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Originally published December 9 2012

Dietary prevention of metastasis to increase cancer survival

by Dr. Phil Domenico

(NaturalNews) Over a million Americans will be diagnosed with cancer this year. Most patients don't succumb to the initial tumor, but rather to metastatic (spread to another body site) tumors, or drug side effects. For instance, melanoma comprises four percent of skin cancers, but 80 percent of skin cancer deaths, due to its metastatic potential. Keeping cancer from spreading starts with a healthy anti-inflammatory diet.

Most cancers can be traced to environmental and lifestyle factors, like smoking, alcohol, sunburn, pollution, infection, stress and obesity. Good nutrition serves to counteract these risk factors. Micronutrients prevent initiation and survival of mutations, reduce tumor size, and keep tumor cells from entering the bloodstream. Diets high in fruits and vegetables, herbs and spices are linked to reduced cancer rates and spread. It also helps to avoid processed, factory-farmed and overheated foods, restrict calories, opt for organic, fresh foods and take high-quality supplements.

Cancer loves sugar. High blood sugar and insulin increase inflammation, which promotes cancer spread. Conversely, low-carb diets suppress cancer growth. The damage by sugar and other toxins are mitigated by antioxidant and anti-inflammatory foods, including fiber-rich foods, mushrooms, green tea, turmeric, ginger, omega-3 (fish, walnuts, flax), cruciferous vegetables, thyme, celery, rosemary, berries, whole citrus, red wine and dark chocolate. High quality fish oil, vitamin D and curcumin are the best supplements for inflammation. High-dose vitamin D may reduce cancer incidence by more than 70 percent.

Blood clots, which are linked to inflammation, provide havens for tumor cell attachment and spread. Micronutrients intervene at all stages of cancer, through a wide range of mechanisms, including anti-oxidation (carotenoids, selenium, vitamin C and E), differentiation (vitamins A, D, calcium), and immunity (vitamins A, C, selenium, zinc). Natural anti-blood clotting agents include magnesium, vitamin E complex, garlic, and omega-3 fatty acids. Dietary fiber and healthy gut microbes also play vital roles in cancer prevention by neutralizing toxins. Metastasis is also promoted by stress, which is relieved with magnesium, B and C complex vitamins, calming herbs, and high-quality protein.

Wandering tumor cells are eliminated by a healthy immune system, which requires many nutrients. Garlic inhibits cancer cell proliferation and migration. Cumin and turmeric spices suppress metastasis in animal research models, and are linked to lower cancer rates. Broccoli lowers invasiveness and metastasis in cancer cells. Pomegranate inhibits cancer cell movement and attraction to bone. Selenium and vitamin D promote glutathione, the major cellular antioxidant. Copper, zinc and manganese activate enzymes like catalase and superoxide dismutase, which devour free radicals that damage DNA. Spices like rosemary help neutralize cancer-causing toxins in the body, on the shelf, and when frying foods. Vitamin K is a potent inhibitor of tumor colony formation. Indeed, a wealth of nutrients are involved.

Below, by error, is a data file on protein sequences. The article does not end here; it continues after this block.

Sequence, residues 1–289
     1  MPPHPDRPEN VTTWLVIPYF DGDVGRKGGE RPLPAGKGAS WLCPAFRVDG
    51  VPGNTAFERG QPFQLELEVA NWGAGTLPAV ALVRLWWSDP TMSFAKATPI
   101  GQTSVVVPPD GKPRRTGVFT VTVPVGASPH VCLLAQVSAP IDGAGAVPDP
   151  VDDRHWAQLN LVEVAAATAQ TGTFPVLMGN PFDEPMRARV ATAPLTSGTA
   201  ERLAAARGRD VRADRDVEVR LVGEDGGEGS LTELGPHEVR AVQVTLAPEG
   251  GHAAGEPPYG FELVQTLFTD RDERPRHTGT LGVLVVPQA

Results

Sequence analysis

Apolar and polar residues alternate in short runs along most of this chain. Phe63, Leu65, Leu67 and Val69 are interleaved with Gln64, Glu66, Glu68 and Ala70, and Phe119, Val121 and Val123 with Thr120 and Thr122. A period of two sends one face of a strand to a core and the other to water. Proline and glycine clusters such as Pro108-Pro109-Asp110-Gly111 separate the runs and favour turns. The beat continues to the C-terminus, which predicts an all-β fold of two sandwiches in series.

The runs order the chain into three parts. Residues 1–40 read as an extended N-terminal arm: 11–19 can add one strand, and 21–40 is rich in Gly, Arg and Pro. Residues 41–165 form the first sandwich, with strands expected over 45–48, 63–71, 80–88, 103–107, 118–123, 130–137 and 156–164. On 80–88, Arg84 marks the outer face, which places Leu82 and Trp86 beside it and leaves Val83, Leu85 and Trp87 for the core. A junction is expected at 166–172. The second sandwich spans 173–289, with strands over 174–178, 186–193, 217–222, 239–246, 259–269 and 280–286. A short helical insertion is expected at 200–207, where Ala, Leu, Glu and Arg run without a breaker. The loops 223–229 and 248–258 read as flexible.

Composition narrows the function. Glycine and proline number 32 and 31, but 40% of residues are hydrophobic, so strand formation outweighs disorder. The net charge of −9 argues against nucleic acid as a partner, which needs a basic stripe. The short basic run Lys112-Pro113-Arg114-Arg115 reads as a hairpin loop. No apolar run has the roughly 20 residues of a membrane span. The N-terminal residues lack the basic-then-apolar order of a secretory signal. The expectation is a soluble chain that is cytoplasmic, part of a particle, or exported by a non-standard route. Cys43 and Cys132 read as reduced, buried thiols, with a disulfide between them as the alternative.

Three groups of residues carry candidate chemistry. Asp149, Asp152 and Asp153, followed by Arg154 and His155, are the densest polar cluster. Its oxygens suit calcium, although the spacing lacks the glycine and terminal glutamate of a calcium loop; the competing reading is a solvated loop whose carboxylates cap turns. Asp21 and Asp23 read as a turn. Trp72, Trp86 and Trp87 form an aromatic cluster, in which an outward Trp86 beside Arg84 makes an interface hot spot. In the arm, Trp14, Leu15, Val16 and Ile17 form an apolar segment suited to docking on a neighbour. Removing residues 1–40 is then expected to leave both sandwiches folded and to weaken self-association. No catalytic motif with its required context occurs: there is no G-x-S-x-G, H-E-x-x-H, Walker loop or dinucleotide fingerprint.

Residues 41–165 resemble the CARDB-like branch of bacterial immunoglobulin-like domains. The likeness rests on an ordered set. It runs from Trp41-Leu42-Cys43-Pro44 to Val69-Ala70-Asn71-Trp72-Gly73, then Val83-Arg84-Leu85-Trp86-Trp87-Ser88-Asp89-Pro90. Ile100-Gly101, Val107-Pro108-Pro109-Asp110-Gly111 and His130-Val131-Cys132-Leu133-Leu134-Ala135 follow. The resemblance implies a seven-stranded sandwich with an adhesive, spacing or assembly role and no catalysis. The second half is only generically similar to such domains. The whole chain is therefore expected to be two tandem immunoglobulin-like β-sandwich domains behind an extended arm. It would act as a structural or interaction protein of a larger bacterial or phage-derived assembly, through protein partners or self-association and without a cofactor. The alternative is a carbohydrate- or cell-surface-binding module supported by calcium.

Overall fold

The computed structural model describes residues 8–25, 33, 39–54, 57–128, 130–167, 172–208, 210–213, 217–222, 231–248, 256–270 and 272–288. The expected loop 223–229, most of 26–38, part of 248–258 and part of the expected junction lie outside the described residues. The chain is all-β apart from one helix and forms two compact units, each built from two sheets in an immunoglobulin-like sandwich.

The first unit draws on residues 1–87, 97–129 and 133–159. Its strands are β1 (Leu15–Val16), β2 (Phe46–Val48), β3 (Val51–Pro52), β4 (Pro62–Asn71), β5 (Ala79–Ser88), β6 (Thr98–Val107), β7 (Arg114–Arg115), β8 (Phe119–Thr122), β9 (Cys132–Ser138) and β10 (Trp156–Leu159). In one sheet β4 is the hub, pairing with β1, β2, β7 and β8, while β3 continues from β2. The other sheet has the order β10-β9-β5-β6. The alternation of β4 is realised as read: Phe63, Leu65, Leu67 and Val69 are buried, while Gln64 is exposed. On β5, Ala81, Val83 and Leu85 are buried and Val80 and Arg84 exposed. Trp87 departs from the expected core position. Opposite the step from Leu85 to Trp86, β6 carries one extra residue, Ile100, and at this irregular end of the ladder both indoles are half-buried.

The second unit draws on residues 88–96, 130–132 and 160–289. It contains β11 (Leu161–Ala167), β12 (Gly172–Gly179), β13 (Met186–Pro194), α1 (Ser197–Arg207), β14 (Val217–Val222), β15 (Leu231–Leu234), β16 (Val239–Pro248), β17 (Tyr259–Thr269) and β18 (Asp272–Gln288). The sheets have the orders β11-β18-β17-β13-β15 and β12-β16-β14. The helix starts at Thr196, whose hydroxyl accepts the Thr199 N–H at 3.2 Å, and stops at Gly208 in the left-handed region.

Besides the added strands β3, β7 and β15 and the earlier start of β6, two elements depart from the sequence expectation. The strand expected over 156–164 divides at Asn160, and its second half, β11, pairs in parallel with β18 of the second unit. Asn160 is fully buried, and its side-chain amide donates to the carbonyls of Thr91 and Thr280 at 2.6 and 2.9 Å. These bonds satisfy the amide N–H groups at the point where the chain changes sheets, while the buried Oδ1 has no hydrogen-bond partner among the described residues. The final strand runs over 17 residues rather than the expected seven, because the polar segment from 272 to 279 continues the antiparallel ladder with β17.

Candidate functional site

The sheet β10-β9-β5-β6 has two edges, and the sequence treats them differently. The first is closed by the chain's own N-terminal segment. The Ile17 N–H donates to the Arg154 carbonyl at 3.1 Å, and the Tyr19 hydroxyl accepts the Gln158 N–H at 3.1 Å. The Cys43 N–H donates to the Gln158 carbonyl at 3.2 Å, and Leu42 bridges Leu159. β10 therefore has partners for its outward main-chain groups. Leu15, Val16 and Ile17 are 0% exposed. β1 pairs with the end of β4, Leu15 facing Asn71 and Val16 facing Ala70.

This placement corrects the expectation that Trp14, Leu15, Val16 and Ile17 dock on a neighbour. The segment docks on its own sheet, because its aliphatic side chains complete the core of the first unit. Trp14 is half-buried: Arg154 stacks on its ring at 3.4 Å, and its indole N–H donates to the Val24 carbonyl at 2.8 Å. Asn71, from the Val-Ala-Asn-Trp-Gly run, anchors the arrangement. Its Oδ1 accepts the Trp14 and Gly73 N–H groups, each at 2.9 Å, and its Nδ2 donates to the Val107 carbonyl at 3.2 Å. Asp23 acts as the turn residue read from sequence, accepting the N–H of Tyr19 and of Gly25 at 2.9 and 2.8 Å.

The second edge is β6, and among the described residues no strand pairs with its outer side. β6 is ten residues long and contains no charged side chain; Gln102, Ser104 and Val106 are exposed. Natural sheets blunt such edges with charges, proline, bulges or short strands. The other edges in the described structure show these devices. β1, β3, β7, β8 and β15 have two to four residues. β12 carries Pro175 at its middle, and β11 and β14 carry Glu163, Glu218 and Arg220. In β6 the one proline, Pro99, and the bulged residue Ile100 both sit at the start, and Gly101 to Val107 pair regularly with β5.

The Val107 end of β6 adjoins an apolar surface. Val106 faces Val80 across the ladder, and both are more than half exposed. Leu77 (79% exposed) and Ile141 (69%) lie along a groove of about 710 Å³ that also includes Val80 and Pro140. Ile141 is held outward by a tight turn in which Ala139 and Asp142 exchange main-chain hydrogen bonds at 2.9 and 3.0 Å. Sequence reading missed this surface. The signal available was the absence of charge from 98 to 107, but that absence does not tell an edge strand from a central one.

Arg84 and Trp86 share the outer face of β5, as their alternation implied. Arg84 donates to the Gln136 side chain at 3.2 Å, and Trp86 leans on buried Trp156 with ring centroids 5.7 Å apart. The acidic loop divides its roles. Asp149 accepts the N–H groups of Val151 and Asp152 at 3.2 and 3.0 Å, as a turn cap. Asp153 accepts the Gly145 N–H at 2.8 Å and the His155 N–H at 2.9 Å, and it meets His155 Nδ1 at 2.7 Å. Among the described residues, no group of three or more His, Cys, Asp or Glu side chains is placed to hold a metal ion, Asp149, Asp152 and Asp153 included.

Don't worry much about how nutrients and phytochemicals affect anti-cancer drug therapy. Hundreds of peer-reviewed studies, including 50 human studies involving thousands of patients, have consistently shown that these food substances do not interfere with therapy for cancer. Instead, they enhance cancer drugs, decrease their side effects, and protect normal tissue. In 15 human studies, thousands of patients taking antioxidants and other nutrients actually showed increased survival. Diet is paramount to preventing cancer and metastasis.

Sources for this article include:

http://www.sciencedaily.com
http://www.indiadivine.org
http://www.raysahelian.com/melanoma.html
http://www.ncbi.nlm.nih.gov/pmc/articles/PMC2515569/
http://www.naturalnews.com
http://cancertreatmentmx.com
http://science.naturalnews.com/pubmed/17283738.html
http://books.google.com
Klement RJ. Nutrition & Metabolism 2011, 8:75
http://www.dimfaq.com/index.htm)

About the author:
Dr. Phil Domenico is a nutritional scientist and educator with a research background in biochemistry and microbiology. Formerly an infectious disease research scientist, he now works as a consultant for supplement companies and the food industry. Visit Dr. Phil's blog at: http://thescienceofnutritiondotnet.wordpress...


Dr. Phil Domenico is a nutritional scientist and educator with a research background in biochemistry and microbiology. Formerly an infectious disease research scientist, he now works as a consultant for supplement companies and the food industry. Visit Dr. Phil's blog at: http://thescienceofnutritiondotnet.wordpress.com/



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